some of them we may answer to ourselves on a subconscious level. Do we need cheering up (a happy story), do we need to escape (fantasy or horror that pummel the senses), do we need to see tragedy that mimics our own lives (the feeling of not being alone), or outwardly unhappy stories that numb our own issues and make them feel less problematic. It’s a minefield and a conundrum that won’t be answered here.

What films make you happy?
The 25 Films To Make You Happy list presented below is a collection of movies that work that magic trick on me without fail. There’s a few controversial choices and some very obvious ones, but what these films do (in varying degrees) is lift the spirit through their idealistic characters, intricate and original interpretations of the world we live in, optimism that is often shrouded in sadness and tragedy, uplifting endings, comedy and romance and singing and dancing. This list, like any other, says more about the person making it than it does about the films themselves. But hopefully, there will be more than a few gems in the following twenty-five films, that have the same effect on you that they have on me.



The Map of Tiny Perfect Things

There must be something ironic about a movie that is about time loops and the recurrence of certain events, essentially recreating similar emotional beats that have already been covered by this sci-fi genre. If everything is cyclical, then maybe it makes sense that these narratives would also be cyclical! But at least to the credit of “The Map of Tiny Perfect Things,” the film knows its pop-culture touchstones (“Groundhog Day” and “Time Bandits”) and acknowledges the influence those Harold Ramis and Terry Gilliam classics have on its YA story. That doesn’t make the film particularly unique, but at least it makes “The Map of Tiny Perfect Things” honest.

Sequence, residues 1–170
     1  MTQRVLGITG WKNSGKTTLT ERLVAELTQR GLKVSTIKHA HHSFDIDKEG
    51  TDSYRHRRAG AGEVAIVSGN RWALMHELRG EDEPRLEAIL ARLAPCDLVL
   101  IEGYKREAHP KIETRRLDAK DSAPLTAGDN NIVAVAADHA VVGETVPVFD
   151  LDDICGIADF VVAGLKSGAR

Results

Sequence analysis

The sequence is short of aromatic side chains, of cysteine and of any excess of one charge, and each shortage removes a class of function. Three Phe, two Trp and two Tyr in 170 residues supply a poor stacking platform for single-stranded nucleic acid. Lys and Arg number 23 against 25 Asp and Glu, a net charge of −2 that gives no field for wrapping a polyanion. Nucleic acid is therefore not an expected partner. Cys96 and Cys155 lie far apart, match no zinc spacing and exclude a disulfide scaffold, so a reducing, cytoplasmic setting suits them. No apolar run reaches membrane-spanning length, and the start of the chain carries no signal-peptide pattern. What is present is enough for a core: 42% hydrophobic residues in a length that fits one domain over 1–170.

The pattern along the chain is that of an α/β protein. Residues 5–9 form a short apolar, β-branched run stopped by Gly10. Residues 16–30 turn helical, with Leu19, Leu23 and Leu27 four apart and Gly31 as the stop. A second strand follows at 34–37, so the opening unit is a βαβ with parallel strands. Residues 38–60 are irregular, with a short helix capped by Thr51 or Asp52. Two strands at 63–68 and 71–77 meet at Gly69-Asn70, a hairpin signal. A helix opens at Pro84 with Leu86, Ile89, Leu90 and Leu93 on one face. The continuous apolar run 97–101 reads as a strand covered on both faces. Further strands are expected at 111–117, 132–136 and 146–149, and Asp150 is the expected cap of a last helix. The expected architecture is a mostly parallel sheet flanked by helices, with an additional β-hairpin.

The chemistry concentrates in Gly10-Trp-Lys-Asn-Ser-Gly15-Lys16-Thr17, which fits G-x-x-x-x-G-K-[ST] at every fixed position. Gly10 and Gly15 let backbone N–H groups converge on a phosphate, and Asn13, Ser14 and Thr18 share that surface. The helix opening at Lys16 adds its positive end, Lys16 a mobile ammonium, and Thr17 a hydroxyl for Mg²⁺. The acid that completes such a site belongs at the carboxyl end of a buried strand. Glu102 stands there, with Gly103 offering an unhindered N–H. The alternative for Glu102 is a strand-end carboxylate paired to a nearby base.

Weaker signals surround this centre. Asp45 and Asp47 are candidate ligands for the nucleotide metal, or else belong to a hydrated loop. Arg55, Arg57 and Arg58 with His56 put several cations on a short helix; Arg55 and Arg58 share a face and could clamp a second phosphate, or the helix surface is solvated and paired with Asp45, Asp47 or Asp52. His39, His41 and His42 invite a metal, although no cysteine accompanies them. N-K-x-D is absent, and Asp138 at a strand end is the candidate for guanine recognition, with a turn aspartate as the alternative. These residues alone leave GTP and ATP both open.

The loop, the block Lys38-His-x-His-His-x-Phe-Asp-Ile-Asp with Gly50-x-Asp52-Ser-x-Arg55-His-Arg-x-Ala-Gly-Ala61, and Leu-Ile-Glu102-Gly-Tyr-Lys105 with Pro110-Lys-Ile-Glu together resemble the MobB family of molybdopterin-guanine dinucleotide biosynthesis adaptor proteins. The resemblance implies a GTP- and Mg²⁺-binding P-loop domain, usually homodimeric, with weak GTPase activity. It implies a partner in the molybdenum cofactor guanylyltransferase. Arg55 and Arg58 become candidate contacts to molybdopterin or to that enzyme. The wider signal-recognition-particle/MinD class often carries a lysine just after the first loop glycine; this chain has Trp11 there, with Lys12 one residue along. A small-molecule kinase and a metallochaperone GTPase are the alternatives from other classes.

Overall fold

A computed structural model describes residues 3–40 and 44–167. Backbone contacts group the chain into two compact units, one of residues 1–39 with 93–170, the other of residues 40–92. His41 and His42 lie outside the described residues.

Written by Lev Grossman of The Magicians fame and directed by Ian Samuels, who also helmed the YA film “Sierra Burgess Is a Loser,” “The Map of Tiny Perfect Things” is set in one of those cutely small American towns where the main strip is full of quaint shops and everything is blandly satisfying. It’s so nice that high school senior Mark (Kyle Allen) hasn’t exactly minded reliving the same 24 hours for something like 1,000 days. He has every same day down to a routine: He wakes up and banters with his little sister, butts heads with his father (Josh Hamilton), skips and hops into school, stopping accidents and other little disasters along the way, and then he just wanders around. He plays video games with best friend Henry (Jermaine Harris), or goes to the neighborhood pool, or steals construction equipment to drive down the street. Eventually he’ll end up back at home, where he’ll have the same argument with his father about his dream to attend art school instead of traditional college. And then at midnight, his body automatically falls asleep, and the day resets—time rewinds, events move backward, colors leech out of Mark’s surroundings and swirl upward into the sky. When he wakes up the next day, it’s always the same.